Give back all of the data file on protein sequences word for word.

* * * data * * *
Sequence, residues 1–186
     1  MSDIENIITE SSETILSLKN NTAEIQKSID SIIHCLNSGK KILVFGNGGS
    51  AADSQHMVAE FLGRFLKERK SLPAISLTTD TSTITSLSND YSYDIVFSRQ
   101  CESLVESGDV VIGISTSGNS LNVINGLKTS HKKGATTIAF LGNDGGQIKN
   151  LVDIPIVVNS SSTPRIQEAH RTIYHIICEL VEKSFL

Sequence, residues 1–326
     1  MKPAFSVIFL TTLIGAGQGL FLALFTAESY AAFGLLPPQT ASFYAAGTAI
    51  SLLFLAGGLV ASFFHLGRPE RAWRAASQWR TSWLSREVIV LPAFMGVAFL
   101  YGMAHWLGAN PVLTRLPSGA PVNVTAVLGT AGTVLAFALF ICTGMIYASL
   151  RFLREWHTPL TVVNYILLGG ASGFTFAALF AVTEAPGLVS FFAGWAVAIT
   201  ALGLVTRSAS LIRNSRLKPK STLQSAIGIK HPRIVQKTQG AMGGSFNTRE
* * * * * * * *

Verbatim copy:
Sequence, residues 1–186
     1  MSDIENIITE SSETILSLKN NTAEIQKSID SIIHCLNSGK KILVFGNGGS
    51  AADSQHMVAE FLGRFLKERK SLPAISLTTD TSTITSLSND YSYDIVFSRQ
   101  CESLVESGDV VIGISTSGNS LNVINGLKTS HKKGATTIAF LGNDGGQIKN
   151  LVDIPIVVNS SSTPRIQEAH RTIYHIICEL VEKSFL

Sequence, residues 1–326
     1  MKPAFSVIFL TTLIGAGQGL FLALFTAESY AAFGLLPPQT ASFYAAGTAI
    51  SLLFLAGGLV ASFFHLGRPE RAWRAASQWR TSWLSREVIV LPAFMGVAFL
   101  YGMAHWLGAN PVLTRLPSGA PVNVTAVLGT AGTVLAFALF ICTGMIYASL
   151  RFLREWHTPL TVVNYILLGG ASGFTFAALF AVTEAPGLVS FFAGWAVAIT
   201  ALGLVTRSAS LIRNSRLKPK STLQSAIGIK HPRIVQKTQG AMGGSFNTRE